4. Separate or Symbiotic? Quantitative and Qualitative Methods in (Heterodox) Economics Research / Lynda Pickbourn and Smita Ramnarain
5. Historical Method and Data / Natalia Bracarense
6. Using Survey Methods in Heterodox Economic Research / Tiago Cardão-Pito
7. Qualitative and Ethnographic Methods in Economics / Amit Basole and Smita Ramnarain
8. Experimental Methods and Data / Andrew Mearman
9. Factor Analysis, Cluster Analysis, and Nonparametric Research Methods for Heterodox Economic Analysis / Michael J. Murray
10. Regression Analysis: A Review / Paul Downward
11. Critical Realism, Econometrics, and Heterodox Economics /Nuno Ornelas Martins
12. Social Network Analysis / Bruce Cronin
13. Agent-Based Computational Economics: Simulation Tools for Heterodox Research / Jonathan F. Cogliano and Xiao Jiang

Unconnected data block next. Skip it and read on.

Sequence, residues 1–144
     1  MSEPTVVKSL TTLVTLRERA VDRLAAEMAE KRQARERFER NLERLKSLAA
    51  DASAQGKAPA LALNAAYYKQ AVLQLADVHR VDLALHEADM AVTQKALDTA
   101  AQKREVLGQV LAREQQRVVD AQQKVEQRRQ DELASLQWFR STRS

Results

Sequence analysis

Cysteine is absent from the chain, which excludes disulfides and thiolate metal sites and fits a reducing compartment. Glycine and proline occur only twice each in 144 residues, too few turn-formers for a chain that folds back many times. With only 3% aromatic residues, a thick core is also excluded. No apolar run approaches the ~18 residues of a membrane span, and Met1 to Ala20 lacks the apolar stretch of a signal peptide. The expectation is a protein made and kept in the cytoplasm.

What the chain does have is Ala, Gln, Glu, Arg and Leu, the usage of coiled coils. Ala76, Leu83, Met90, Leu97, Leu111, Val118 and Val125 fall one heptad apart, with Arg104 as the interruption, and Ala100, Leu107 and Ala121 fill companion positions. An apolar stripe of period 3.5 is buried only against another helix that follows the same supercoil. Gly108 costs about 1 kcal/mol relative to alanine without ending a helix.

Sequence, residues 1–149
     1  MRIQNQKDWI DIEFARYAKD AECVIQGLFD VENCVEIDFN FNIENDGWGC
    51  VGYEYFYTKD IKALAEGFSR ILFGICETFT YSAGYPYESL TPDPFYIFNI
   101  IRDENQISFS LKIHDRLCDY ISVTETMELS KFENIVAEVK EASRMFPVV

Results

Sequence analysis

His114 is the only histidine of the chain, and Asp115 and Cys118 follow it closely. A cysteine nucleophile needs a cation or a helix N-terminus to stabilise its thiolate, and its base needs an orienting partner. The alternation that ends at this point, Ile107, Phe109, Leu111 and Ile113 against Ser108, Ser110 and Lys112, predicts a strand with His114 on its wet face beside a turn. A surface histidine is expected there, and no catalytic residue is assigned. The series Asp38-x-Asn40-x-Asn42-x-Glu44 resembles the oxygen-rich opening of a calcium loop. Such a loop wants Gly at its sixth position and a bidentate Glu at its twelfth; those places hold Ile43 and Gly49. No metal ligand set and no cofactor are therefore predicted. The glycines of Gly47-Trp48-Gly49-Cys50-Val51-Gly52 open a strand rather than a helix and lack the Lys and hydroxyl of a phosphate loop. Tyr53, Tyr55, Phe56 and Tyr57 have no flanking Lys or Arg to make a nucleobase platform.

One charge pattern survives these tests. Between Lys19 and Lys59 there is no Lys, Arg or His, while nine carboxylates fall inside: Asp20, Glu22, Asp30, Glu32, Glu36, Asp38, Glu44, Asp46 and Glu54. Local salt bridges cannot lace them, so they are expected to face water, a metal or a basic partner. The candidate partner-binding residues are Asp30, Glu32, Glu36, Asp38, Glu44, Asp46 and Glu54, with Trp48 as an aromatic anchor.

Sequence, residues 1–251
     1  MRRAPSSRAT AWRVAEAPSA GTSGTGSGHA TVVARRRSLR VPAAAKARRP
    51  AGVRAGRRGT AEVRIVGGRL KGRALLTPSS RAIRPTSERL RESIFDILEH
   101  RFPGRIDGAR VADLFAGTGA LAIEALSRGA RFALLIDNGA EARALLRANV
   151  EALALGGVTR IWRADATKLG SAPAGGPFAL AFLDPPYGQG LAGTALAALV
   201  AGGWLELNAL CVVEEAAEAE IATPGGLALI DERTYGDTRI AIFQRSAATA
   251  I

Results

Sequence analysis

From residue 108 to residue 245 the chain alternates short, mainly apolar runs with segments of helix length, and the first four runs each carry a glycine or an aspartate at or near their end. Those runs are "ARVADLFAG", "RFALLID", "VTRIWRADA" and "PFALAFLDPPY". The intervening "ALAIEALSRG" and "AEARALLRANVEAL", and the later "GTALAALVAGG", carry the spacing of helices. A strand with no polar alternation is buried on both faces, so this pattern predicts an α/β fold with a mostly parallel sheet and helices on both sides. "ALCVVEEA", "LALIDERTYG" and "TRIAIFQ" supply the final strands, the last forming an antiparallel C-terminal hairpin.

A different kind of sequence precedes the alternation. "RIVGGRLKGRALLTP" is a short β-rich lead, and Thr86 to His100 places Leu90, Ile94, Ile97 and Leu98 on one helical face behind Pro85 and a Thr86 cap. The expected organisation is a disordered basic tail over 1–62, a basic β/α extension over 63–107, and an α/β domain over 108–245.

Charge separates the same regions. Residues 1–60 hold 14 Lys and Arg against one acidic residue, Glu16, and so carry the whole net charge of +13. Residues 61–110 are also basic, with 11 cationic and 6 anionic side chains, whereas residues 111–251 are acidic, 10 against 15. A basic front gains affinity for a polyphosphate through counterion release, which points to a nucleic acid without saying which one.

14. Modeling as a Research Method in Heterodox Economics / Frederic S. Lee
15. Mixed Research Methods and Data Triangulation: An Answer for Economics? / Ioana Negru

16. A Mixed Methods Approach to Investment Behavior / Armagan Gezici
17. Price Stability / Gyun Cheol Gu
18. Studying Low-Income Households / Lynne Chester
19. Marketisation and Human Service Providers: An Industry Study / Bob Davidson
20. A Qualitative Case Study of the Mexican Stock Market (BMV) from the Perspective of Critical Realism and Grounded Theory / Jesús Muñoz
21. Looking into the Black Box: Policy as a Contested Process / Jamee K. Moudud
22. Modeling the Economy as a Whole: Stock-Flow Models / Gennaro Zezza
23. A Mixed Methods Approach to Investigating the Employment Decisions of Aged Care Workers in Australia / Therese Jefferson, Siobhan Austen, Rhonda Sharp, Rachel Ong, Valerie Adams and Gill Lewin
24. Combining Qualitative and Quantitative Methods in Field Work: An Application to Research on Gender, Migration and Remittances in Ghana / Lynda Pickbourn